Faculty of Education (FEDU)

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Now showing 1 - 5 of 36
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    Kansyore Fisher-Hunter-Gatherers Abandoned the Northeastern Lake Victoria Shoreline during an Arid Period in the Middle Holocene: A Reconsideration of Dates from Western Kenya with New Radiometric and Faunal Evidence from the Namundiri A Shell Midden, Eastern Uganda
    (Journal of African Archaeology, 2022) Mica B., Jone; Ruth, Tibesasa
    Kansyore pottery-using groups of the northeastern Lake Victoria Basin represent one of only a few examples of ‘complex’ hunter- gatherers in Africa. Archaeologists link evidence of specialized fishing, a seasonal land-use cycle between lake and riverine sites, and intensive investment in ceramic production to behav- ioral complexity after 9 thousand years ago (ka). However, a gap in the Kansyore radiocarbon record of the region between ~7 and 4.4 cal ka limits explanations of when and why social and economic changes occurred. This study provides the first evidence of lakeshore occupation during this temporal break at the only well-studied Kansyore site in eastern Uganda, Namundiri A. Within the context of other sites in nearby west- ern Kenya, radiometric and faunal data from the site indicate a move from the lake to a greater reliance on riverine habitats with middle Holocene aridity ~5–4 cal ka and the arrival of food producers to the region after ~3 cal ka.
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    Teacher rewards and their performance: a case study of selected secondary schools in southern division, Kabale municipality
    (Kabale University Interdisciplinary Research Journal (KURJ), 2022-12) Agnes, Nyinamasiko; John Michael, Edoru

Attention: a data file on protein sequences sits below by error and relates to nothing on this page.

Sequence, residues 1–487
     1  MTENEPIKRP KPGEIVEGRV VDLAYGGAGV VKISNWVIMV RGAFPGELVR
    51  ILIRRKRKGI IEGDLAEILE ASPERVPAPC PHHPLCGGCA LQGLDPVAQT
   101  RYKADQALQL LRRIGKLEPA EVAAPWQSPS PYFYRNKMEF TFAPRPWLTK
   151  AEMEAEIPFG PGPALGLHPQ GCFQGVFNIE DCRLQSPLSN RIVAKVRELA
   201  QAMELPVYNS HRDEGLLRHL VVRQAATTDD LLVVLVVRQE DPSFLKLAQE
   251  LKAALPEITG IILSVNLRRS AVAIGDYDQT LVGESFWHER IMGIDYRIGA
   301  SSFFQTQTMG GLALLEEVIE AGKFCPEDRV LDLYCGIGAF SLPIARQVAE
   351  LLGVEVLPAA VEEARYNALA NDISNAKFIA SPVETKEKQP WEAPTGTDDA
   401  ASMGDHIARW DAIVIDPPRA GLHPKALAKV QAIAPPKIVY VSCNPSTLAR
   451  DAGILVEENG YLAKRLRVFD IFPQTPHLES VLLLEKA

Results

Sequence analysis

Teachers’ performance management is a continuous process for identifying, evaluating and developing the work performance of teachers, so that the goals and objectives of the schools are more effectively achieved, while at the same time benefiting teachers. This study was carried out to establish how teacher rewards influence their performance. A case study of selected secondary schools in Southern Division, Kabale Municipality. The study used cross sectional survey research design. Both quantitative and qualitative approaches were utilized for data collection and analysis Interviews guides were used to collect qualitative data while structured questionnaires instrument was used to collect quantitative data. The study participants were 55 teachers, and 15 head teachers in the selected secondary schools in southern division Kabale municipality. The researcher used systematic analysis method to analyze quantitative data and thematic data analysis to analyze qualitative data. The study established that, teachers’ rewards is highly influenced their performance, and also, financial rewards highly influenced the teachers’ rewards in secondary schools in southern division, Kabale municipality. Finally, it was recommended that the Government of Uganda and the Ministry of Education and sports should provide adequate information and counseling to teachers on creating an environment, inside the classroom and beyond where students can talk openly about their learning, their challenges and what allows them to succeed, teachers’ salaries should be determined according to sector needs as opposed to macro-economic policy requirements if Uganda is to attain the Millennium Development Goals related to Education, there is also a need to continuously engage teachers in the National teachers Union (UNATU) a statutory representative of teachers at all levels in both private and government sectors; this will enable teachers to consult on educational, labor and other relevant issues